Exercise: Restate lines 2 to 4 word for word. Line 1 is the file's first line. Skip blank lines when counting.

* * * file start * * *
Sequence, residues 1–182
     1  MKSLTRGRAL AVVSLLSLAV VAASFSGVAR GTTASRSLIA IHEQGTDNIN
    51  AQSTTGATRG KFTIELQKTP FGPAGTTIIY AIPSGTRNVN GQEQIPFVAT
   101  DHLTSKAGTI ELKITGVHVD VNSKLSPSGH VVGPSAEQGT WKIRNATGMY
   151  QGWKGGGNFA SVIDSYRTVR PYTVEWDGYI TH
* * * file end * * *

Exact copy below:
     1  MKSLTRGRAL AVVSLLSLAV VAASFSGVAR GTTASRSLIA IHEQGTDNIN
    51  AQSTTGATRG KFTIELQKTP FGPAGTTIIY AIPSGTRNVN GQEQIPFVAT
   101  DHLTSKAGTI ELKITGVHVD VNSKLSPSGH VVGPSAEQGT WKIRNATGMY